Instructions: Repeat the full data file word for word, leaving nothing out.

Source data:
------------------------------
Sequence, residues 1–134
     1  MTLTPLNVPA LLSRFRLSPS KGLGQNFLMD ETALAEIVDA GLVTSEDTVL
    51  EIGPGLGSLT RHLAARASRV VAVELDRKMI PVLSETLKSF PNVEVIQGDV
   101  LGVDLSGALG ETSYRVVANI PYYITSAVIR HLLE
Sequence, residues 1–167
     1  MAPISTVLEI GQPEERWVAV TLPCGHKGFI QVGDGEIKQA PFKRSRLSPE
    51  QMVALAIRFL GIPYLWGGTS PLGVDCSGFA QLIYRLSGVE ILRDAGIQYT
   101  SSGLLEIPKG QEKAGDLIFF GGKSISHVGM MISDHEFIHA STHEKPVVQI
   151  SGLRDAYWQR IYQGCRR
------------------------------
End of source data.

Sequence, residues 1–134
     1  MTLTPLNVPA LLSRFRLSPS KGLGQNFLMD ETALAEIVDA GLVTSEDTVL
    51  EIGPGLGSLT RHLAARASRV VAVELDRKMI PVLSETLKSF PNVEVIQGDV
   101  LGVDLSGALG ETSYRVVANI PYYITSAVIR HLLE
Sequence, residues 1–167
     1  MAPISTVLEI GQPEERWVAV TLPCGHKGFI QVGDGEIKQA PFKRSRLSPE
    51  QMVALAIRFL GIPYLWGGTS PLGVDCSGFA QLIYRLSGVE ILRDAGIQYT
   101  SSGLLEIPKG QEKAGDLIFF GGKSISHVGM MISDHEFIHA STHEKPVVQI
   151  SGLRDAYWQR IYQGCRR